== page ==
Feds say Hanford’s 324 Building has more waste under it than previously known, float new plan for cleanup

A large rectangular white, ware-house looking building is pictured on a paved strip of land.
The 324 Building on the Hanford Site (Courtesy: U.S. Department of Energy)


A creepy old building used for 30 years to research radioactive materials from 1966 to 1996 has a lot more radioactive waste under it than previously known. That’s according to the U.S. Department of Energy on Thursday.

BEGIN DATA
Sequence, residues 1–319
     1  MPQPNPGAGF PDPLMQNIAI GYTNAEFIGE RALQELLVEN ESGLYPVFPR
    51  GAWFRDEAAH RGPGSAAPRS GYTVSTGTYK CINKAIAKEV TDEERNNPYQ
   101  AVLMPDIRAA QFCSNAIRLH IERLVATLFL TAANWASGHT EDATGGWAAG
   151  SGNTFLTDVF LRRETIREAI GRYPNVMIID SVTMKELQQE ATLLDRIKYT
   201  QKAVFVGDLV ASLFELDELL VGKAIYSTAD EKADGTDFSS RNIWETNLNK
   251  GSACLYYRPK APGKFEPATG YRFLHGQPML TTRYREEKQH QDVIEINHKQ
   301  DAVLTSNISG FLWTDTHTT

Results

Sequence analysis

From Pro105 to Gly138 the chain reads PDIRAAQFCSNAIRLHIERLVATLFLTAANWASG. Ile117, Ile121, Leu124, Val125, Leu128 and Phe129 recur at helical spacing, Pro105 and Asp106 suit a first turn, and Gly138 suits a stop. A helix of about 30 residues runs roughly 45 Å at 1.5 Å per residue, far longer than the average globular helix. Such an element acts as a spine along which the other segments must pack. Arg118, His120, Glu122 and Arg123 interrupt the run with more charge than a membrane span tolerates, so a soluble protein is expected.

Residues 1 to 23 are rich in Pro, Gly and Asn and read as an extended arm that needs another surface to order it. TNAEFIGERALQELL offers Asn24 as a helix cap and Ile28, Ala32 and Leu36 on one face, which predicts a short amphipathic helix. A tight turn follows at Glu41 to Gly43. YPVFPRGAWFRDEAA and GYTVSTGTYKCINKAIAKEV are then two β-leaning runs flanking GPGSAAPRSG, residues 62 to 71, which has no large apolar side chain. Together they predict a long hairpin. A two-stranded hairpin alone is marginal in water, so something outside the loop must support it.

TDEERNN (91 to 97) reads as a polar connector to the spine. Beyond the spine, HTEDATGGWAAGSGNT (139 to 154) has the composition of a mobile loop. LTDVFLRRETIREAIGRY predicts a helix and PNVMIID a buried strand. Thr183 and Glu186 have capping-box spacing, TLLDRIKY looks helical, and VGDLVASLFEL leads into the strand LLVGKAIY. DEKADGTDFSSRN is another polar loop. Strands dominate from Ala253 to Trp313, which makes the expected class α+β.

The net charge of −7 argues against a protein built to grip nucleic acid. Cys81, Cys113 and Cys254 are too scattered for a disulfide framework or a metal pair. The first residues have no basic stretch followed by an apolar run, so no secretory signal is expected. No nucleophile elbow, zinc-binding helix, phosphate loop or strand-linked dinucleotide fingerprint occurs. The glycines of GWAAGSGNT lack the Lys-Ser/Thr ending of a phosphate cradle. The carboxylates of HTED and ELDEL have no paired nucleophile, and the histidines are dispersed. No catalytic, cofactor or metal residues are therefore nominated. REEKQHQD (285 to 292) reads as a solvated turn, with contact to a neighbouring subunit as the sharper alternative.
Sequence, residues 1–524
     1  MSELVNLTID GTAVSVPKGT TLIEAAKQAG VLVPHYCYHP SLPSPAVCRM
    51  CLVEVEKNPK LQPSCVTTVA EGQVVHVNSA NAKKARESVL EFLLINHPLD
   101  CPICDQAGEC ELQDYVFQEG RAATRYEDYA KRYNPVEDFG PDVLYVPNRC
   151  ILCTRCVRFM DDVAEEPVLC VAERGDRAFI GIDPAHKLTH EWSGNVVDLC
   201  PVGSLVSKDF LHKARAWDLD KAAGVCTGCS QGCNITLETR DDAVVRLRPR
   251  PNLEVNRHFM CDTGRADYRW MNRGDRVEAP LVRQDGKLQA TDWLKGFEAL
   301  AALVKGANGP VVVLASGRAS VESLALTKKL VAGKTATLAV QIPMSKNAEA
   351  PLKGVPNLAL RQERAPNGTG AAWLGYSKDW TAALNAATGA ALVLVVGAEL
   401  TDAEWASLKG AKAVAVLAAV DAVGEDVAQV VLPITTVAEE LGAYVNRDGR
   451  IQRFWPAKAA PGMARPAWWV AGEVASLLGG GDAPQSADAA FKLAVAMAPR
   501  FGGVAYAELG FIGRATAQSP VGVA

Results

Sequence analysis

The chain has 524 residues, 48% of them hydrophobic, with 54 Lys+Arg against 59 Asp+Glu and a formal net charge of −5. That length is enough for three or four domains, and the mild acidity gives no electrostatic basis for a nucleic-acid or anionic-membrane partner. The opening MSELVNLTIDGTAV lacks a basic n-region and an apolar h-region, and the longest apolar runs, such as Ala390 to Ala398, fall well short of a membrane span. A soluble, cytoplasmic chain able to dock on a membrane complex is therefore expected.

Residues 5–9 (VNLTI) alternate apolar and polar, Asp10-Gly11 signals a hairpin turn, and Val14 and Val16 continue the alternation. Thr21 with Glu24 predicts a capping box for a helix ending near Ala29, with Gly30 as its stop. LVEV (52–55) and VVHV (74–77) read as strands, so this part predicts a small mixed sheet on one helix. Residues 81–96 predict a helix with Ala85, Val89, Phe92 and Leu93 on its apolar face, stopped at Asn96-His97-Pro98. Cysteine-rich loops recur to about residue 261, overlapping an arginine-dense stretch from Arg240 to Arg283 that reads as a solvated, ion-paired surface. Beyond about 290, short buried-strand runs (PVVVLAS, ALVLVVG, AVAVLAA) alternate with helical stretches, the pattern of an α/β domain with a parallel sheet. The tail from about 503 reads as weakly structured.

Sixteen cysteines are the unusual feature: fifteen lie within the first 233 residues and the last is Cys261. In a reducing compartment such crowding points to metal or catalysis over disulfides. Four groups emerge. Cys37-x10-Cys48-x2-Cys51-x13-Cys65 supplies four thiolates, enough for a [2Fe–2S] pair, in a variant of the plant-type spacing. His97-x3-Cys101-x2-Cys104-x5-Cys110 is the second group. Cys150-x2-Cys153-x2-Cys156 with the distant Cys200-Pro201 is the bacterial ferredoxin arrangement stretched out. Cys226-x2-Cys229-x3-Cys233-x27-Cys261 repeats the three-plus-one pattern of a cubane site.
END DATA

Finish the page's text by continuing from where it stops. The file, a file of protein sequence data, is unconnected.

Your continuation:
It’s called the 324 Building and it’s only 300 yards from the Columbia River very close to the town of Richland. It’s what’s underneath – in the soil – that’s hazardous to cleanup workers. Now, Energy says quote “a much larger volume” of soil contaminated with radioactive waste will have to be remediated. The radioactive waste spilled in the 1980s but wasn’t discovered until 2010. The federal government just announced Thursday that they want to tear down the old 324, then build a containment structure over it – all before they clean up the spilled radioactive waste. 

They say this will be safer for workers and the environment.